As ancient as the Moon itself, Moonstone holds the power of mystery. Its secrets are locked beneath a pearly veil, and with them, our own hidden truths. Only within its reflected light can we begin to understand what it has to teach us. Moonstone is foremost a talisman of the inward journey, taking one deep into the self to retrieve what is missing, the parts of the soul left behind or forgotten, then brought to light.
Years ago in Silistra, Bulgaria, I was given a Moonstone by a friend who told me it was the stone of tenderness, an amulet of protection for travelers, a gift of lovers for passion, a channel for prophecy, and a path to wisdom. Being a feldspar, Moonstone is a fairly soft stone [hardness of 6 on Moh’s scale], and it has a gentle translucent sheen. Some legends say it was formed out of the rays of the moon. Others claim you can see the future in a Moonstone during a waning moon. Still others say it’s a propitious stone for lovers with the power to make the wearer faithful. My favorite bit of lore about the Moonstone, though, comes from sacred India, where people believe that the Moonstone was the stone of the gods and goddesses, of hope and spiritual purity through denial of the ego. It combats materialism and strengthens the faith of religious people in all cultures. Hermits, monks and other contemplatives withdrawn from society for spiritual reasons, find a special affinity for Moonstone.
Moonstone or Feldspar is considered a good luck stone. It is also believed to give lovers the ability to foretell the future. Legend has it that the stone must be placed in the mouth while the moon is full. According to legend, if you buy your loved one a moonstone you will love them forever, that you will not be able to help yourself. Moonstone is associated with the Goddess, Diana. The milky white opalescent stone has a small white spot that appears during the new moon and it gradually moves towards the stone’s center, growing larger as the moon becomes fuller in the sky. Moonstone is also known as a ‘wish stone’ and can bring insight to the wearer. It is also used to dispel negativity. Some of the rainbow feldspar is the prettiest and it may have infractions or inclusions inside.
THE MINERAL & GEMSTONE KINGDOM…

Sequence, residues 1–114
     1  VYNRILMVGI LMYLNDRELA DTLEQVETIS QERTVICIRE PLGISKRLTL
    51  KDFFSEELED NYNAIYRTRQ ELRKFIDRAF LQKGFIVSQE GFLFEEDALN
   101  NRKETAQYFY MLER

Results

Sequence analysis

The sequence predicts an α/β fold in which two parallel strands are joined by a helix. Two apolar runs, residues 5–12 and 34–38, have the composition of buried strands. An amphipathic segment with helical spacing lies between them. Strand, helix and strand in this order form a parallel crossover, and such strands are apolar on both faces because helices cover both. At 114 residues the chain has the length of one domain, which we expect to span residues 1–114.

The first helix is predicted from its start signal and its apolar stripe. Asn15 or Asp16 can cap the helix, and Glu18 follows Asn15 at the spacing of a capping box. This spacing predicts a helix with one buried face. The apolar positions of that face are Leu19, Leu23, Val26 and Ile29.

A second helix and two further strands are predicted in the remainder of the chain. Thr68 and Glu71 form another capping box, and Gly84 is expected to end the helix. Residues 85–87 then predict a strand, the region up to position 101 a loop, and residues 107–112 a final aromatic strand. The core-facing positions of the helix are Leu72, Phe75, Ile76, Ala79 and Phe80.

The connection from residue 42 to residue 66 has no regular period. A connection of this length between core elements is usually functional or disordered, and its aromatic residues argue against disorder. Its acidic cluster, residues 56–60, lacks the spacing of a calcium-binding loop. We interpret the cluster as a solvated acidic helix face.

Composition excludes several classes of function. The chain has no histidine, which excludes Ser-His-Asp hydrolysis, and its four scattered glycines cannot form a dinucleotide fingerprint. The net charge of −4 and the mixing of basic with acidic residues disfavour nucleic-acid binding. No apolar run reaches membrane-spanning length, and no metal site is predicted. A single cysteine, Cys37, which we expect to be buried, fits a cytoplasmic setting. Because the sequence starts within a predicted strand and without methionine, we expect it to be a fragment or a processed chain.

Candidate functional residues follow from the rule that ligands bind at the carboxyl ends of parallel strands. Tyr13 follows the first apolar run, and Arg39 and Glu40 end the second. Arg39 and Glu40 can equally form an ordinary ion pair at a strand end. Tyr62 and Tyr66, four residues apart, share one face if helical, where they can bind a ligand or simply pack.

Every culture has its own beliefs about specific stones, and those beliefs are often tied to that culture’s history, geography, and spiritual practices. Moonstone is the object of special veneration in history as a sacred stone of India. According to earliest traditions, the stone had been set, from the beginning of time, in the forehead of the four-handed god of the moon. Partly from its color, and partly from the influence of the deity it represented, it grew and lessened in luster simultaneously with the waxing and waning of the moon, gaining it the name it still bears, “The Moon-Stone.”
In one sense, for me writing is the process of assembling the things I like best or the ones that intrigue me most. When I was writing The Legend of The Moonstone, I drew on numerous sources of inspiration. First there were the stones themselves. Soon you’ll see photographs of a number of the stones I work with scattered throughout the site. Beyond the stones, the novel was also informed by legends. Some of those influenced the book very directly while others simply reside on the bulletin board above my desk, my writing companions, as it were. When I began writing The professor Stransky’s incredible stories /book 1 – THE LEGEND OF THE MOONSTONE/, I tried to use only those beliefs that seemed traditional and definitive or ones that I found confirmed in more than one source. It was a well-meaning but absurd approach, because the more you delve into the stones, the more lore you uncover, and the more contrasting and even conflicting beliefs you find.
I checked a number of semiprecious gems and crystals (plus lots of “ordinary” rocks) on hand, and holding them led to working with them, trying to sense what might be inside them as my characters do. Quite honestly, there was no single definitive power, symbolism, or quality for any type of them, but whether through the senses, intuition, or imagination — the rocks and crystals have given me inspiration and information, hinted at what they hold inside them.
When I began writing about stones my approach was to research them and then find a way to use whichever bit of information intrigued me, but as writers work on books, their books work on them, and my fiction was working on me. I found that if I wrote about a stone, it helped to be able to hold it and create a whole world around them.
Writing about The Moonstone was a great adventure.
The Book is written with great respect for the stone itself and with an understanding that the power is not just in the stone, it is in the people who possess it too.
Of the end of the first book of my teen fiction trilogy, I realized that stones are as individual and unique as we are. A great deal of what anyone perceives in a stone — beyond its geologic origins and specific mineralogical properties — is intuitive rather than definitive, and specific to the stone itself.